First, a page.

Anne BRONTE : The tenant of Wildfell Hall

Gilbert Markham is deeply intrigued by Helen Graham, a beautiful and secretive young woman who has moved into nearby Wildfell Hall with her young son. He is quick to offer Helen his friendship, but when her reclusive behaviour becomes the subject of local gossip and speculation, Gilbert begins to wonder whether his trust in her has been misplaced. It is only when she allows Gilbert to read her diary that the truth is revealed and the shocking details of the disastrous marriage she has left behind emerge. 
The tenant of Wildfell Hall is a re-read - again - decidedly, 2020 has been my  re-reading year ! And this is a beautiful novel, a bit too religious for non-religious me, but a wonderful feminist novel. 
Recently, I re-read Agnes Grey and even if I loved it, I prefer this one. Because here, I found the fire that is to me related to the Brontë family. Helen had fire and Gilbert had fire (a bit too much : the fight with Lawrence). What I mean by that is that they are not flawless characters, but completely believable and human, passionate persons who don't care what people might think of them as long as they act according to their conscience. In this place and time, it's a brave attitude.

This novel produced a shock when it was published, for in this well bred society where reputation was everything, that a wife should refuse herself to her husband, or run away with her son, was completely  scandalous ! But Anne, having witnessed her drunken/addict brother's behaviour, seeing this woman in her village who left her violent husband, thought that she should write about the subject, something that wasn't talked about, that was tolerated,  whatever you might think of it. It was so easier to look the other way.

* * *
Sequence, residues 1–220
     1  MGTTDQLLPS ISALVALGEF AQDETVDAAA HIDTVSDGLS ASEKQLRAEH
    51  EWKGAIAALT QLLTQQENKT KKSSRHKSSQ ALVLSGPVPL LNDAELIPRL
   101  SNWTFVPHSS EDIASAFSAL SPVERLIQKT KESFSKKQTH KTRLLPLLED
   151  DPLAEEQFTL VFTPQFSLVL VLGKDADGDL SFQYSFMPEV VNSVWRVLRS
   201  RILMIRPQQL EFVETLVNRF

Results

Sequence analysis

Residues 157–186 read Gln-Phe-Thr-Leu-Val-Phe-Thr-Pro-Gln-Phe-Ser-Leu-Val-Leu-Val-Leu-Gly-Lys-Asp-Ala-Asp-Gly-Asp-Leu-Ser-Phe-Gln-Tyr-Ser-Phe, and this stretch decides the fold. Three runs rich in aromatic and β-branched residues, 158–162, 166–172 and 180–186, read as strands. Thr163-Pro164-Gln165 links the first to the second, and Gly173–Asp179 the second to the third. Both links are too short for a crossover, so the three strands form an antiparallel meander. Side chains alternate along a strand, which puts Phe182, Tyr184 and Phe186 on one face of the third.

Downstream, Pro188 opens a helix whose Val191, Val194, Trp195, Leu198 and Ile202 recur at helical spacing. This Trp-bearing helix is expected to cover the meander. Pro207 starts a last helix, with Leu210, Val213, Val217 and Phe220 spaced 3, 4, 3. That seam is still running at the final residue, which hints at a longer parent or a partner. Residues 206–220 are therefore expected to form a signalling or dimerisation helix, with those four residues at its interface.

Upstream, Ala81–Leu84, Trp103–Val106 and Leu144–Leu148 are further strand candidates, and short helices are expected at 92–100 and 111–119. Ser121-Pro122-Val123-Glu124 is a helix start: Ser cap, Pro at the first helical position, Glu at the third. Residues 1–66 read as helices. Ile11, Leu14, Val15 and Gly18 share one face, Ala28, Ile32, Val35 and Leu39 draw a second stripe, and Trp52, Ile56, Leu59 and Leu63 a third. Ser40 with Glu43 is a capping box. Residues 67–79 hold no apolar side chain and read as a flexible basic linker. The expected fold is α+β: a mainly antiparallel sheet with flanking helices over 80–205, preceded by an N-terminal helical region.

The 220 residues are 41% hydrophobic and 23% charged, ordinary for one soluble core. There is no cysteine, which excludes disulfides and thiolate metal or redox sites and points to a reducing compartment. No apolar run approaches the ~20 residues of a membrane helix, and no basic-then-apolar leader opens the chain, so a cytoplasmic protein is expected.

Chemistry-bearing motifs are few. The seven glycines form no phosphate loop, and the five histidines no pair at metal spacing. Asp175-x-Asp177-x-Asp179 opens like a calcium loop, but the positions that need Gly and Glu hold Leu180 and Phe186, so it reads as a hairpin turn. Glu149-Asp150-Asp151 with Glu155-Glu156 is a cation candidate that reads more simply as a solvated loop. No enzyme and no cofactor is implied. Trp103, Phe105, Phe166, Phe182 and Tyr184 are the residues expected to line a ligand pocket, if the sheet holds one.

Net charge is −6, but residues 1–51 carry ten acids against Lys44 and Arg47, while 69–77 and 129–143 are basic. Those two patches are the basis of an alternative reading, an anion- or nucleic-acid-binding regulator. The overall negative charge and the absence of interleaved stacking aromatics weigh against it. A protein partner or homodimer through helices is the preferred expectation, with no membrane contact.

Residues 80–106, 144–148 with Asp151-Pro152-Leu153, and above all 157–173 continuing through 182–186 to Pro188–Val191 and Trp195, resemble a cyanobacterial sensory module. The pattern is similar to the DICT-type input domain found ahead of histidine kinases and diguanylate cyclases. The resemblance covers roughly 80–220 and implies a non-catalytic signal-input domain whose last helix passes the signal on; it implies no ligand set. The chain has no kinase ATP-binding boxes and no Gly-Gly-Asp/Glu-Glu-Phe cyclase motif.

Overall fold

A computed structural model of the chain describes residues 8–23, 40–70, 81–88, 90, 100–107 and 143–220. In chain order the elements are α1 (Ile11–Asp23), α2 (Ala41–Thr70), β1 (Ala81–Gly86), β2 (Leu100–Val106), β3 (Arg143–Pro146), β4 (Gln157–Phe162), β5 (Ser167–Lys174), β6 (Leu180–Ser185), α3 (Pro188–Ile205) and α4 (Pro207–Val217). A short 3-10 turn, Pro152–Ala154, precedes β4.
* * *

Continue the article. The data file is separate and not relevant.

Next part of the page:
That a younger clergyman's daughter, living in a small village far from everything, was able to write something like that always amazes me and makes me giddy with enthusiasm. Agnes Grey talked about the condition of governesses, those ghosts between worlds in Victorian society, here she wrote about women's dignity and right to freedom : she wrote to change the world, to make a difference. That she should be considered the lesser of the Brontë sisters is incomprehensible and will remain a mystery to me. All this because she was reported to be meek and shy ! But she had personality and a backbone, her writings prove that. Go Anne !

And don't miss this TV adaptation with Tara Fitzgerald, Toby Stephens and Rupert Graves :


  1. Yes... it's a point well made. I have always thought it hilarious that the daughters of vicars or pastors in earlier times would be regarded as sheltered and innocent. It was their job to trudge to the poorest and most needy with baskets of vital supplies. Of course they would be confronted with drunkeness, domestic violence, abusive behaviour and wanton neglect - because those behaviours often lead to abject poverty - particularly in a time when there was no safety net for anyone who fell on hard times for whatever reason. And that's why the Brontes were all such rebels, I think:)

    1. You take the words out of my mouth :)